Pool season in Las Vegas starts on Facebook: This just in—“Come try out for the hottest job in town, bring your résumé, your best swimwear and a head shot—oh and by the way, we are only accepting the first 100 people, so get here early!” Almost instantly, the Las Vegas Athletic Club parking lot gets tighter as girls rush around town getting spray-tanned, Botoxed and bleached. And then, before they know it, the big day is here.
The line begins to form at 9 a.m., even though auditions for coveted “model/cocktail server” positions don’t begin until noon. Anxious girls dressed in their best business-casual-with-a-skanky-twist pass the time doing what girls do best. “I heard this year they are only hiring blondes,” one says.
“Oh no, no, no,” the size-zero brunette three girls behind chimes in. “I know Rick—ya know, Rick as in the general manager here—and he said that they were looking for girls with a more natural look this year.” “Really?” the triple-D, bleached-blond knockout next to her asks.
The name-dropping, one-upping and storytelling continue until the flood gates finally open. Then it is every woman for herself.
The audition process is as methodical as it is degrading. Applicants are told to line up, 10 at a time, and strip down to our bikinis to be photographed. Hopefuls turn in résumés and head shots, then prepare to walk the runway. Yes, you read correctly: the runway.
Apparently, to be a pool party cocktail waitress in Las Vegas you must be able to double as Heidi Klum.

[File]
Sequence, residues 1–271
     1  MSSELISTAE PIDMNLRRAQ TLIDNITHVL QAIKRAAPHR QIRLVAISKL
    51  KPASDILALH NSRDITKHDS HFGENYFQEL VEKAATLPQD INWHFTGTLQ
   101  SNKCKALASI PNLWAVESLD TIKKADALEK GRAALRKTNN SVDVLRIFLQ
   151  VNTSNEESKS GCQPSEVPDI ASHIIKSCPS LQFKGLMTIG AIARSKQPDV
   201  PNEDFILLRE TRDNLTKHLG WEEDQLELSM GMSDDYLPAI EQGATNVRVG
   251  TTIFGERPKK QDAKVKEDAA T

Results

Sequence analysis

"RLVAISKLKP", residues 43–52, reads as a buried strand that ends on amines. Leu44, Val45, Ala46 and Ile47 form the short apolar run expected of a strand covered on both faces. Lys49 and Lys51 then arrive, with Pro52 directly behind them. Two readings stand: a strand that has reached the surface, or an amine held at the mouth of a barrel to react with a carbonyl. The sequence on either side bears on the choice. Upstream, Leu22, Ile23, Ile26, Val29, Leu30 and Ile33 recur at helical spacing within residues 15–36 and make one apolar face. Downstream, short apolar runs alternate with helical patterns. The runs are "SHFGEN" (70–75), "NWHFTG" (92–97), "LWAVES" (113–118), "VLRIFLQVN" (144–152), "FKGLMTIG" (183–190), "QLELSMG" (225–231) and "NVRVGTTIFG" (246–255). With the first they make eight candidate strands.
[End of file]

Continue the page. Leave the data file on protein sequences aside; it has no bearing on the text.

The seasoned pros strut their stuff down the catwalk as the clueless newbies like Annie from Wichita, Kan., watch in amazement. (No, you’re not in Kansas anymore, sweetheart.)
“Girls, we need you to tell the panel what modeling and cocktailing experience you have, and please try to speak clearly into the microphone and look into the video camera while speaking,” the leader of the selection committee says.
A shoo-in named Ashley confidently explains that she has six years’ cocktailing experience, two of which were at this very venue. She has done extensive print and promo work for Jack Daniels and Coors Light, too, and winks at her buddy the nightlife director before spinning one last time for the panel.
Poor little Annie doesn’t have a chance. She reports that she has “no real modeling experience” but has been serving at the local pancake house back home since she was 18. She chokes over her words and says she’d be good at the job because she “works real well with others.” “Thank you for your time, ladies, we will be taking numbers 37 and 39,” the Simon Cowell of the pool party selection committee says. “The rest of you are free to go.”
That’s how the first round in the battle for pool-serving positions is fought.
Annie and the other rejects quietly get dressed as Ashley and her BFF Crystal go to the judges table to say hello to the four jurors, whom they have known for five years.
The second round comes later and that’s when the gloves really come off.
Everyone who is invited back is either smoking hot or knows somebody who knows somebody (or both). It’s the Las Vegas version of American Idol: Competition is fierce, and hearts are broken as rhinestone-encrusted Blackberries receive callbacks and others do not.
Crystal pouts and stares at her motionless phone when Ashley receives her call. They are at Golden Spoon, ready to toast the start of their summer with a round of bikini-friendly, low-calorie ice cream—but Crystal’s reason to celebrate never comes. Only the best of the best-looking get hired, and apparently Crystal enjoyed one too many calorie-loaded cinnamon dolce lattes in the off-season.
Alas, when it comes to working at a pool, it is survival of the fittest—or, in some cases, the skinniest. Yet nobody said making it in Vegas was going to be easy—and just like on American Idol, there is always next season—unless, that is, you’re over the age of 28. Then it’s game over.